MEXICO CITY — Filming began late last month on a small picture about an ancient Mexican legend — yet only 100,000 people are expected to understand it.
That’s because “Erendira la indomable” (Erendira the Untamable) is the first feature to be shot in the Purepecha lingo spoken by Indians in west-central Mexico, about four hours from Mexico City.
Some Mexican films have incorporated bits of Indian tongues, such as last year’s “Zapata,” which was partially spoken in Nahuatl, one of Mexico’s 62 Indian languages.
Moreover, pic’s cast are all Tarascan Indians, including 17-year-old Mari Carmen Valentin, who plays the film’s title character. “Erendira” follows in the footsteps of pics such as “Atanarjuat the Fast Runner,” the 2001 production made in the Inuktitut language of the Inuits in Canada’s far, frozen north.
“Atanarjuat,” too, had a small budget — $1.25 million, compared with $1.15 million for “Erendira.” The Canadian pic showed extensively on the fest circuit and grossed nearly $4 million in the U.S. alone.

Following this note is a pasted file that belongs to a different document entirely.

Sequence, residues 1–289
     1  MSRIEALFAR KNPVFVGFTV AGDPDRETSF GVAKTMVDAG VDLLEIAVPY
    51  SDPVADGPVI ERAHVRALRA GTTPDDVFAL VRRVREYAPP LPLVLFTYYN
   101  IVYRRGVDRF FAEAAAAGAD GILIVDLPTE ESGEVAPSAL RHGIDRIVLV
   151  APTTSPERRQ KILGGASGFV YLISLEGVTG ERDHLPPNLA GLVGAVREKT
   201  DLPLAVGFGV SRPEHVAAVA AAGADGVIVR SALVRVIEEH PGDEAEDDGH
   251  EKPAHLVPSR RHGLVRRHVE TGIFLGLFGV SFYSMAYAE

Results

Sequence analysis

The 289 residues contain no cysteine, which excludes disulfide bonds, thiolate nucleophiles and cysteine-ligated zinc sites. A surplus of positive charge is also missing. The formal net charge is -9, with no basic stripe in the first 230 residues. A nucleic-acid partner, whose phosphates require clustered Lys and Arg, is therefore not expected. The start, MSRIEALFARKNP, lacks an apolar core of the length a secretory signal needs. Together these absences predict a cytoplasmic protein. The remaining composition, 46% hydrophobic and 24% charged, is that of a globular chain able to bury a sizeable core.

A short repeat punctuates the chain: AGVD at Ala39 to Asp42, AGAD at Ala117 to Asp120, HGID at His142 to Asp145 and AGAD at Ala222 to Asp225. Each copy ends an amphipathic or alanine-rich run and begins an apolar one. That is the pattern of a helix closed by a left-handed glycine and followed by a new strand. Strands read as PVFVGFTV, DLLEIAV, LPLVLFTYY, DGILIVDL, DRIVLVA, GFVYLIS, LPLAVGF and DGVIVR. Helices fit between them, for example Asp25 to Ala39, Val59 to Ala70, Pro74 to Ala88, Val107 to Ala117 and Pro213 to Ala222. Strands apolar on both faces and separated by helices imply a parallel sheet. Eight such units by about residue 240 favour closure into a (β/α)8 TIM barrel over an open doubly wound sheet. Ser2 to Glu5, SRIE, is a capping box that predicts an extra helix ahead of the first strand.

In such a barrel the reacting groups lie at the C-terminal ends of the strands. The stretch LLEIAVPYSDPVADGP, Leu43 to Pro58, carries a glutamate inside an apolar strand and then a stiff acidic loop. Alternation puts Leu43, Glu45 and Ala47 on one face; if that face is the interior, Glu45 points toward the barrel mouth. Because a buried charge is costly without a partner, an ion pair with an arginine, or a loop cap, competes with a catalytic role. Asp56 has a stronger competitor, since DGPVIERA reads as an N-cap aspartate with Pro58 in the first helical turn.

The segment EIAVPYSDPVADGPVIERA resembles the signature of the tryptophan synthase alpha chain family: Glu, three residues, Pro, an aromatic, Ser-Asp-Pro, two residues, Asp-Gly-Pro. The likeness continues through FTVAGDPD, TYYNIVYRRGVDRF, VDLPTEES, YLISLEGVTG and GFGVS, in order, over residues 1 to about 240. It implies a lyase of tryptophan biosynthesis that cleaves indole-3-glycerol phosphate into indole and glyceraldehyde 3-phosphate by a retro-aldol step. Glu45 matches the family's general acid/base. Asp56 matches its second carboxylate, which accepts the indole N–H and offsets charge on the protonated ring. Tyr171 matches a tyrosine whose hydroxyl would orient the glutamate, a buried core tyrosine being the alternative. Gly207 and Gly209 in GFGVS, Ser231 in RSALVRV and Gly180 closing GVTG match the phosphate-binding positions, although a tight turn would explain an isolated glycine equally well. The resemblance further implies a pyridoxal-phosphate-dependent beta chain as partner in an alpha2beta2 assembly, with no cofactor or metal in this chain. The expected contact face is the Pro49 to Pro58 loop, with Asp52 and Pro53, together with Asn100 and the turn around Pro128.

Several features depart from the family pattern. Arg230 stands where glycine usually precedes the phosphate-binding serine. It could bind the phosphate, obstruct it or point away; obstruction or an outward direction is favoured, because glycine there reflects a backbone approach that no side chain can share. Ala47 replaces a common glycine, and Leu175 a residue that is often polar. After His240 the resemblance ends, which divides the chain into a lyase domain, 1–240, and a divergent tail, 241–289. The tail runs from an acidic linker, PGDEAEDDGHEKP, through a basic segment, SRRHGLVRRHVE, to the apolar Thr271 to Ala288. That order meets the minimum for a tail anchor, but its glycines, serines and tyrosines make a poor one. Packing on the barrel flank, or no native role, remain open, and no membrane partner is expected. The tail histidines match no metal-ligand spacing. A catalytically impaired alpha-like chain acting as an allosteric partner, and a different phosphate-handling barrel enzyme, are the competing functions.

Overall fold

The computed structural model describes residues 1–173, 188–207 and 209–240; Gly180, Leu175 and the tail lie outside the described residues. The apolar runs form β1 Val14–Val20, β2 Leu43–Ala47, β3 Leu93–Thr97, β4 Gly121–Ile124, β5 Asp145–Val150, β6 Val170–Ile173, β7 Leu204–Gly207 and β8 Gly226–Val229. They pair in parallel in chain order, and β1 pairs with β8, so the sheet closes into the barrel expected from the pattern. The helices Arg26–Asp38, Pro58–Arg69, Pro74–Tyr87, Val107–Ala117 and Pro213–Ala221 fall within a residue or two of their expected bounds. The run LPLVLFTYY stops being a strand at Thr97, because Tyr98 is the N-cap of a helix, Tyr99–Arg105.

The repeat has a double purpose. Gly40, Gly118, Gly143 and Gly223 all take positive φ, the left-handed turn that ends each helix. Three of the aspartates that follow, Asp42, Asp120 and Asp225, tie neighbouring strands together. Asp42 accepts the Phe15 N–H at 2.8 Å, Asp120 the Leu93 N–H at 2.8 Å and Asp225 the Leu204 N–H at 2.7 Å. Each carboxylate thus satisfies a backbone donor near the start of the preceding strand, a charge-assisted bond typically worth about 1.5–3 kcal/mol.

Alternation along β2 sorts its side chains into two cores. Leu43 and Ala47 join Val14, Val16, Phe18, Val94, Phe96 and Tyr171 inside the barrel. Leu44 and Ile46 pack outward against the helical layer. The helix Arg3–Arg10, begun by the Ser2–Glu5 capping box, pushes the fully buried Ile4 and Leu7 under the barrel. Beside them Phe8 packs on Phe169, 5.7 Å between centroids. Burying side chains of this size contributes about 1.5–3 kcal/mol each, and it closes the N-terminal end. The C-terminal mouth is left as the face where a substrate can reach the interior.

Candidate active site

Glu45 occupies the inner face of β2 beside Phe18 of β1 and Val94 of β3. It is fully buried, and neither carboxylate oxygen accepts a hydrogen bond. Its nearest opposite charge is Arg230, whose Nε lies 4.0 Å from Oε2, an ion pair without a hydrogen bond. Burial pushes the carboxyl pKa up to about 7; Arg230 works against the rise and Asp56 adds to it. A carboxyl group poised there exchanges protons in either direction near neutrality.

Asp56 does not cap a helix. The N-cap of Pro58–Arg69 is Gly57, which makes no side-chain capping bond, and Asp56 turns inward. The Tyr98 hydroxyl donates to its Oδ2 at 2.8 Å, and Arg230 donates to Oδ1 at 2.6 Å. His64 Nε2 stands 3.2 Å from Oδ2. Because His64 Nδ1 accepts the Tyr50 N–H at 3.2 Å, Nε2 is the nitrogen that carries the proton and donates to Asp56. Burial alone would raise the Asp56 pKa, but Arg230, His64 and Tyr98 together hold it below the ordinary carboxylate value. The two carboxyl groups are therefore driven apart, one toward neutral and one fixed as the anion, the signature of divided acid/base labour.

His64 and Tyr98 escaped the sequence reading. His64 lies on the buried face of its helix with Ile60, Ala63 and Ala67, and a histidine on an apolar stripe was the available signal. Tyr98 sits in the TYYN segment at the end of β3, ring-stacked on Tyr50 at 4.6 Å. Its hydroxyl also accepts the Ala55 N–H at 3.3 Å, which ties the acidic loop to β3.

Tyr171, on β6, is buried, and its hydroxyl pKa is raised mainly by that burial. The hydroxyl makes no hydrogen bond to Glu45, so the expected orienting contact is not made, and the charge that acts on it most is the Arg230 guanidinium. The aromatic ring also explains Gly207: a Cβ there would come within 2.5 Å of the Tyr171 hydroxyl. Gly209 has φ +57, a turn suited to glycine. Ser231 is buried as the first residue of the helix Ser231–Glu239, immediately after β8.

Pic is helmer Juan Mora’s second feature, after 1991’s “Retorna a Aztlan” (Return to Aztlan), which also dealt with pre-Colombian themes. In 1987, Mora shared a Mexican Ariel award for screenplay for the film “Cronica de familia” (Chronicle of a Family).
This time, he has backing from Mexico’s film funding agency, the Mexican Film Institute (Imcine), as well as Michoacan state’s tourism board, where the pic is being lensed.
Mora does not speak Purepecha, and the script, which was written in Spanish, had to be translated. Pic tells the story of a young woman who fights Spanish Conquistadors to protect her people. Mora says he hopes to have the film ready for release by year’s end.